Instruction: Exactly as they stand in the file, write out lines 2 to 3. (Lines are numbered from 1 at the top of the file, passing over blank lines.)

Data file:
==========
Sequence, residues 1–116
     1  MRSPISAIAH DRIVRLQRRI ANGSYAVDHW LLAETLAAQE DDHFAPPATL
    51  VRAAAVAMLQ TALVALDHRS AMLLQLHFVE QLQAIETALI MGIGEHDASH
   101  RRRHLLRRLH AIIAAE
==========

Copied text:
     1  MRSPISAIAH DRIVRLQRRI ANGSYAVDHW LLAETLAAQE DDHFAPPATL
    51  VRAAAVAMLQ TALVALDHRS AMLLQLHFVE QLQAIETALI MGIGEHDASH